But on Wednesday, the Somali government said while it had not agreed for Kenyan troops to cross the border, the prime minister would head a new committee to liaise with Nairobi.
"We support Kenya's operation inside Somalia because they support, train and provide other military support to our troops to defeat al Shabaab and we are very grateful to Kenya," Prime Minister Abdiweli Mohamed Ali told Reuters in an interview.
"But we have to understand one thing: Somalia has the lead, our military has the lead in all operations taking place inside Somalia," he said late on Wednesday.
The semi-autonomous northern Somali region of Puntland also said on Thursday it supported the Kenyan incursion.
Kenya has long watched its anarchic neighbor warily and its troops have made forays across the porous border with Somalia in the past, but this month's assault marks the first concerted push to drive the rebels away from the frontier.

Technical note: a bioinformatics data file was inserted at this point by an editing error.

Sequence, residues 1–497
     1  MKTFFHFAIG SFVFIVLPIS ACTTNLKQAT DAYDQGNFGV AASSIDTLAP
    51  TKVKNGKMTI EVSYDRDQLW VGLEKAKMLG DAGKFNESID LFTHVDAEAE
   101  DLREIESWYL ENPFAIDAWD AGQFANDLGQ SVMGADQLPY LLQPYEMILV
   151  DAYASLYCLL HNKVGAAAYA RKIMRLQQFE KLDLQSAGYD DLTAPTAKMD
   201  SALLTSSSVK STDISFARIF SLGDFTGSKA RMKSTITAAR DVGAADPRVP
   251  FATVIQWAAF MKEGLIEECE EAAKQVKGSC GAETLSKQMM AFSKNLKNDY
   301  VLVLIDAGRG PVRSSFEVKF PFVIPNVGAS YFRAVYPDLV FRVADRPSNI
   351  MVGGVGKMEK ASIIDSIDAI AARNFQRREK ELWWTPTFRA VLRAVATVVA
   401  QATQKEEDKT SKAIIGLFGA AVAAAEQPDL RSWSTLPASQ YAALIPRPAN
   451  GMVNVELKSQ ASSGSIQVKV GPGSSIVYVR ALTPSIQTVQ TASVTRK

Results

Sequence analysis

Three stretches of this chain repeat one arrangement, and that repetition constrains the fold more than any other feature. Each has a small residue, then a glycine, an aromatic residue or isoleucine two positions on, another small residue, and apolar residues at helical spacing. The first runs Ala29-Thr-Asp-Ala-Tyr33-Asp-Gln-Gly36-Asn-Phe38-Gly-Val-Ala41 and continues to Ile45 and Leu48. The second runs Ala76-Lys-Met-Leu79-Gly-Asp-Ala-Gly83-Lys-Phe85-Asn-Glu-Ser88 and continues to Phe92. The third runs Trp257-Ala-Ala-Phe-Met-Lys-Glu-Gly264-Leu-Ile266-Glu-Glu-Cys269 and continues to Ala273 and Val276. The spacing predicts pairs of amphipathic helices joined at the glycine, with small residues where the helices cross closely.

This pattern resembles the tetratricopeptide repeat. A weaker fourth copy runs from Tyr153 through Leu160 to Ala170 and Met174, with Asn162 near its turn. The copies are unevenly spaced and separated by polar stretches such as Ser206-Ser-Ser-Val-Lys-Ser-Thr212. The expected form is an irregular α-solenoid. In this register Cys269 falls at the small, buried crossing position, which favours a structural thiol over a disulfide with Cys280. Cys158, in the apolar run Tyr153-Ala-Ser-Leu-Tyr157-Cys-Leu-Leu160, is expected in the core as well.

Kenyan government spokesman Mutua stressed Kenya had no intention of occupying southern Somalia and would return once it had dismantled al Shabaab's networks. He also said Kenya would not negotiate with the militants.
(Additional reporting by Sahra Abdi, Mohamed Ahmed, Ibrahim Mohamed and Feisal Omar in Mogadishu; Noor Ali in Isiolo and Daud Yussuf in Garissa, Beatrice Gachenge, Aaron Maasho, Duncan Miriri and George Obulutsa in Nairobi; Fumbuka Ng'wanakilala in Dar es Salaam; Writing by David Clarke; Editing by Giles Elgood)
- Protesters fell Lenin statue, tell Ukraine's president 'you're next'
- Four dead in apparent Connecticut murder-suicide
- South Korea expands air defense zone to partially overlap China's |
- Singer Susan Boyle reveals she has Asperger's syndrome: paper
- Dynasty's Congress party punished in Indian state elections
Nelson Mandela: 1918 - 2013
Reuters looks at the life and times of Nelson Mandela, an icon of peace and reconciliation who came to embody the struggle for justice around the world. Video